Thursday, February 16, 2017
Extreme Measures: Finding a Better Path to the End of Life
This is the most important and profound book I have read in a long, long time!
I was a parish minister for 13+ years and in that time I sat with countless families at the bedside of their dying loved ones. Most often that vigil took place in a hospital setting, whether the ICU or the hospice suite. Sometimes I was called to the nursing home and, on a few rare occasions, to a home. Dr. Zitter's insight and wisdom on a topic that most Americans spend their lives and energy avoiding at all cost provides us with clear insights and a care-filled journey through the inevitable. For a time I served on the local hospice board and tried to make sure that local and area clergy were kept "in the loop" on end-of-life care options that might provide better spiritual continuity for their members. Dr. Zitter's book should be required reading not only for all entering the medical field and palliative care teams, but for all seminarians, social workers and all who care about making sure that the way we leave this life matches the values with which we lived life. Any and all book clubs willing to breach the subject of death and dying will find a wealth of topics to discuss. I will be spreading the word about this wonderful, helpful book to anyone and everyone who will listen!
My deepest thanks to Dr. Zitter for taking on this important subject and for this sage book!! My thanks to the publisher for providing me the free review copy in exchange for this fair and honest review.
From the Publisher . . .
An ICU and Palliative Care specialist featured in the Oscar-nominated Netflix documentary Extremis offers a framework for a better way to exit life that will change our medical culture at the deepest level.
In medical school, no one teaches you how to let a patient die.
Jessica Zitter became a doctor because she wanted to be a hero. She elected to specialize in critical care—to become an ICU physician—and imagined herself swooping in to rescue patients from the brink of death. But then during her first code she found herself cracking the ribs of a patient so old and frail it was unimaginable he would ever come back to life. She began to question her choice.
Extreme Measures charts Zitter’s journey from wanting to be one kind of hero to becoming another—a doctor who prioritizes the patient’s values and preferences in an environment where the default choice is the extreme use of technology. In our current medical culture, the old and the ill are put on what she terms the End-of-Life Conveyor belt. They are intubated, catheterized, and even shelved away in care facilities to suffer their final days alone, confused, and often in pain. In her work Zitter has learned what patients fear more than death itself: the prospect of dying badly. She builds bridges between patients and caregivers, formulates plans to allay patients’ pain and anxiety, and enlists the support of loved ones so that life can end well, even beautifully.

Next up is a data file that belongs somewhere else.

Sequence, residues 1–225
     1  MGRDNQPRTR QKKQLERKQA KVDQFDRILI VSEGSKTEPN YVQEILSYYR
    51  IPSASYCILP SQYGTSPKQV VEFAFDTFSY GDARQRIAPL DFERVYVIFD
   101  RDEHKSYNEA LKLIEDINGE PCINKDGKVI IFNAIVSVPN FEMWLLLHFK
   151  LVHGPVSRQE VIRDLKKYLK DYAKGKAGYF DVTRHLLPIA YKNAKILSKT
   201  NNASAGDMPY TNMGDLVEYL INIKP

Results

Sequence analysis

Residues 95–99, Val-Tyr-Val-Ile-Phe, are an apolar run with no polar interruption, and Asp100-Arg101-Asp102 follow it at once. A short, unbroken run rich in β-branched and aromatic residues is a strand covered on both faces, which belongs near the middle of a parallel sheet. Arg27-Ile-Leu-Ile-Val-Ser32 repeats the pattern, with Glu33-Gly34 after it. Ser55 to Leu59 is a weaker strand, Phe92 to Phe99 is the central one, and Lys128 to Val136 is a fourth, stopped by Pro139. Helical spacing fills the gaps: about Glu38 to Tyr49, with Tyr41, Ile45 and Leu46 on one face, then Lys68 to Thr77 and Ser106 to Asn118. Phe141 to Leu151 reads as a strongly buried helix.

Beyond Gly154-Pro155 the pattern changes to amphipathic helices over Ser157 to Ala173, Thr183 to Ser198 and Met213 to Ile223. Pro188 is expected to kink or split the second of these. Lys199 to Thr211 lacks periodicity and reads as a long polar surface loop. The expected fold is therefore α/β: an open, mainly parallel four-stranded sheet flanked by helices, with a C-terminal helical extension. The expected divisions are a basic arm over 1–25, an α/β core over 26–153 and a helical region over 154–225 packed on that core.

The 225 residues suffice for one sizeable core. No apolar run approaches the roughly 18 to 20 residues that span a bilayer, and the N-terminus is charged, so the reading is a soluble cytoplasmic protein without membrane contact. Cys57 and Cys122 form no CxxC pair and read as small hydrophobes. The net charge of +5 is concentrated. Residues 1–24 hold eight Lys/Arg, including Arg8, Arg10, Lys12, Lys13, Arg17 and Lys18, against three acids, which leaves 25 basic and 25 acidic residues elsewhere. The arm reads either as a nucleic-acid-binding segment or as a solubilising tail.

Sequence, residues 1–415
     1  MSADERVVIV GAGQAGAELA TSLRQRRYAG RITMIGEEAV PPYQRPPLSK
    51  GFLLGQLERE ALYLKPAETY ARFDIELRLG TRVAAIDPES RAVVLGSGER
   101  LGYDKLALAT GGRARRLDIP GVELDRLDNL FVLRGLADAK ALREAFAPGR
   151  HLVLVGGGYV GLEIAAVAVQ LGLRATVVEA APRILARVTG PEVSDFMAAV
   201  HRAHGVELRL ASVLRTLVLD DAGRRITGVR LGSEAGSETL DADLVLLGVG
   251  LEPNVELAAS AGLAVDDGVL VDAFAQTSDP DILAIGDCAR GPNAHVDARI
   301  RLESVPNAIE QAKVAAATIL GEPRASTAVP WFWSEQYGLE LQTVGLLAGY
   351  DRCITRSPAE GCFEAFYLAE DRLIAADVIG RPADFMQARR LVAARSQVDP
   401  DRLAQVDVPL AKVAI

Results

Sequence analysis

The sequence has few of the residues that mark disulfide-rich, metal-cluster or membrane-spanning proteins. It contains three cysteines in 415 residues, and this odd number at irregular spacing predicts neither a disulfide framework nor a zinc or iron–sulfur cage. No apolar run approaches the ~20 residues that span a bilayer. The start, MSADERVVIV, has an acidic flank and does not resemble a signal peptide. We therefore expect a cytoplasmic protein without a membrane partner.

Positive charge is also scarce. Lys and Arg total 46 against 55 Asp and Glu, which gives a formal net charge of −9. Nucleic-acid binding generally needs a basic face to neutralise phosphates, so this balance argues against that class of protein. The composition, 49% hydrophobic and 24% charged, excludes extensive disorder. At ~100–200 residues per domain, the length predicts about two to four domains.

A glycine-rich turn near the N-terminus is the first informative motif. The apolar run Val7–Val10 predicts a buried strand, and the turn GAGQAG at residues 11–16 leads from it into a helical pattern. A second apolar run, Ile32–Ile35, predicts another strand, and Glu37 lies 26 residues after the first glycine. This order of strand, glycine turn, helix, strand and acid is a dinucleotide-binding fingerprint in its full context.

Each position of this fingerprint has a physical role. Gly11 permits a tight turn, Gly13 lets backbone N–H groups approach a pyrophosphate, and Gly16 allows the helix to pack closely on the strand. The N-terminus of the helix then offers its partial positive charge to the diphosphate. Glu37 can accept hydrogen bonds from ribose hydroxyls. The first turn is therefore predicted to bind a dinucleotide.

Filled with rich patient stories that make a compelling medical narrative, Extreme Measures enlarges the national conversation as it thoughtfully and compassionately examines an experience that defines being human.
About the Author . . .
After two decades of caring for critically ill patients, Jessica Nutik Zitter, MD, MPH is a strong advocate for a new approach to caring for the dying. She practices the unusual combination of ICU and palliative care medicine at Highland Hospital, the county hospital in Oakland, California. Having herself participated in the default and indiscriminate use of technology with the dying and witnessed the resultant suffering, Dr. Zitter has come to view this situation as a public health crisis. She is committed to reorienting our care of the dying to a more collaborative process whereby the patient, rather than her organ or disease, is the primary focus of care.
Dr. Zitter’s first book, Extreme Measures, Finding A Better Path to the End of Life, (Avery, an imprint of Penguin-Random House, Spring 2017), offers an insider’s view of intensive care in America and its impact on how we die. Her essays and articles have appeared in the New York Times, The Atlantic, the Huffington Post, the Journal of the American Medical Association, and other publications. In 2005 she co-founded Vital Decisions, a telephone counseling service for patients with life-limiting illnesses.
Her work is featured in the Tribeca award-winning documentary, “Extremis,” which has been shortlisted for an Oscar, and is available on Netflix. This vérité film follows Jessica, her team and several patients and their families in the intensive care unit at Highland Hospital.
Dr. Zitter attended Stanford University and Case Western Reserve University Medical School and earned her Master of Public Health at the University of California, Berkeley. Her medical training includes an Internal Medicine residency at Harvard’s Brigham and Women’s Hospital in Boston and a fellowship in Pulmonary/Critical Care at the University of California, San Francisco.